olamina waterfront toronto

Head turning art installation appears on Toronto waterfront

Fans of public art and 90s throwbacks like Chia Heads and Blue Man Group all have something new to enjoy on Toronto's waterfront this week.

A new temporary art installation has appeared at Aitken Place Park in the East Bayfront neighbourhood, a 2019-opened public space along the harbour's edge.

Known as Olamina, the six-foot-tall sculpture takes the form of a blue head with a yellow crown adorned in boxwood hedges, its imagery and symbolism referencing African and Afro-Caribbean culture.

This inspiration is clear in references to science fiction author Octavia E. Butler's Parable series, borrowing its name from the series' protagonist, Lauren Oya Olamina.

A quote from Butler's Parable of the Talents is prominently displayed at the foot of the piece, reading "Consider — we are born not with purpose, but with potential."

"I think the way in which the pandemic made us all slow down really created an opportunity to re-evaluate what our purpose is, especially as we emerge into a world that looks quite different than the one we knew two years ago," explains BSAM Canada Co-lead, Nico Taylor.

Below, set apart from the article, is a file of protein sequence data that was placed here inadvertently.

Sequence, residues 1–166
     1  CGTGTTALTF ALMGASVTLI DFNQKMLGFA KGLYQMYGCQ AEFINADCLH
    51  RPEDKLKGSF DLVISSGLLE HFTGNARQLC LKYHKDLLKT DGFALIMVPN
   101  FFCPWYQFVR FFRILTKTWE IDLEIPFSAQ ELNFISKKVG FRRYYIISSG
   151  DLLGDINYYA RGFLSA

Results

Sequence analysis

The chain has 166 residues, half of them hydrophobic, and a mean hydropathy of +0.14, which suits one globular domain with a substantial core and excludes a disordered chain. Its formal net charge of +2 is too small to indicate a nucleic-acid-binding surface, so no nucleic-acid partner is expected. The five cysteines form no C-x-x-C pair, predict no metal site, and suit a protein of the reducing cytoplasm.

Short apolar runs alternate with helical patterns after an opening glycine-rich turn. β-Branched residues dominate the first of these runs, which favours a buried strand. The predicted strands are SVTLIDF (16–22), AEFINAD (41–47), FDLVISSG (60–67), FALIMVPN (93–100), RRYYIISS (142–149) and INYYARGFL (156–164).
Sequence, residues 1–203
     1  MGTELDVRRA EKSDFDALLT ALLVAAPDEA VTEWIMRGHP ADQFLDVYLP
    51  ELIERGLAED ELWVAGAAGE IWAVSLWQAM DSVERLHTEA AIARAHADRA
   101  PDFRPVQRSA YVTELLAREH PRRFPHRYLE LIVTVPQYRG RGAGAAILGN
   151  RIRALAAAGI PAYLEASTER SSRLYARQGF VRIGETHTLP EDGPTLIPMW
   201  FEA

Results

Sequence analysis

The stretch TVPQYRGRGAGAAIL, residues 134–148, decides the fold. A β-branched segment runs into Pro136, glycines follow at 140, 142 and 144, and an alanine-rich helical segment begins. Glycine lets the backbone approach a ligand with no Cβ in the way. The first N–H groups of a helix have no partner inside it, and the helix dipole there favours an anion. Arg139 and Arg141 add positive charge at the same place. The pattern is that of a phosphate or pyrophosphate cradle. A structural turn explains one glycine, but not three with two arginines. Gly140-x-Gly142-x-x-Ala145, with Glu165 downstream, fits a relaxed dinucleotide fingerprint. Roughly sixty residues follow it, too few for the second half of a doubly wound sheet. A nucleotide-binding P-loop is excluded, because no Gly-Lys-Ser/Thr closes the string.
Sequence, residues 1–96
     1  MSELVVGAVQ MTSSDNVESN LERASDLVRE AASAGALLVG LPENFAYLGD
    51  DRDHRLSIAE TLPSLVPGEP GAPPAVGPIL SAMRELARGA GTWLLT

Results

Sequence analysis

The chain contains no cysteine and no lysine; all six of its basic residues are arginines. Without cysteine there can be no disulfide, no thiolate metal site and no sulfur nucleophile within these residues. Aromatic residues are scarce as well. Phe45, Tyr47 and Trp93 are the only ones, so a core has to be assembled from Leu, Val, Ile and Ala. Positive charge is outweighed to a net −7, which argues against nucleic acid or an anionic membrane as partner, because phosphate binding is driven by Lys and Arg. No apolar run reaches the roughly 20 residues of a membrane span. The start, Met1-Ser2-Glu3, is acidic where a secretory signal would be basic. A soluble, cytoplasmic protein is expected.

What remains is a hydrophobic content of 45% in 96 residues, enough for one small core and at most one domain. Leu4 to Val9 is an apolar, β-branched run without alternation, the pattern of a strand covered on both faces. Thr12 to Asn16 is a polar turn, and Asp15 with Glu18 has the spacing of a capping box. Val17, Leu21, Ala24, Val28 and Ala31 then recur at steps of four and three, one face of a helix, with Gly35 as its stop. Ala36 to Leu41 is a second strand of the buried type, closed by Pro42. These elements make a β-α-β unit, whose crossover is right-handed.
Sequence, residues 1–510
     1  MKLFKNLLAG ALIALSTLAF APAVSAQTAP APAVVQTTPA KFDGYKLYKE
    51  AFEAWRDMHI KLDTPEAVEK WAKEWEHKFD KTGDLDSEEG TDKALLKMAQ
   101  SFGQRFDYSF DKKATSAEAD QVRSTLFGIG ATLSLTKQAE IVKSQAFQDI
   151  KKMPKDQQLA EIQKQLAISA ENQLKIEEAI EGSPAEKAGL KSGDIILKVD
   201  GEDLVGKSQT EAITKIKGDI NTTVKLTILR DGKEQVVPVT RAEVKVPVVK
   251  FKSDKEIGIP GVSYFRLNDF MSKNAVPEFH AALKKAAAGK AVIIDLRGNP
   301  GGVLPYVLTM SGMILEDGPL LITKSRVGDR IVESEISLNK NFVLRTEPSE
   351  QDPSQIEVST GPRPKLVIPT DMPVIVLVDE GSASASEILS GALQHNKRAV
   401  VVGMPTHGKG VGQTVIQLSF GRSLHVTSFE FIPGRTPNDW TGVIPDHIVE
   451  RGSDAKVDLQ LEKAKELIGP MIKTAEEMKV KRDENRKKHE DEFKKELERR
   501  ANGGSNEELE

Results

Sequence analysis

Another source of inspiration, the sculpture draws imagery from African folktales, specifically embodying the African water spirit, Mami Wata.

Olamina was created by the Black Speculative Arts Movement (BSAM) Canada, the organization having been awarded the inaugural Waterfront Artists in Residence last September.

olamina waterfront toronto

Olamina during its final assembly process in Aitken Place Park.

"BSAM Canada has created some exceptional work and this latest partnership with the City and Waterfront Toronto is one we are very proud of," stated Tim Kocur, Executive Director of the Waterfront BIA, back in September.

The installation is part of BSAM’s broader public art project known as Earthseeds: Space of the Living, supported by a partnership between Waterfront Toronto and the Waterfront BIA.

The piece was designed and planned for a full ten months before its four-week fabrication process. A video from Waterfront Toronto shows the art in mid-production, its foam base carved and coated before its distinctive epoxy paint was applied.

Olamina will be on display until late October.

Photos by

Waterfront Toronto


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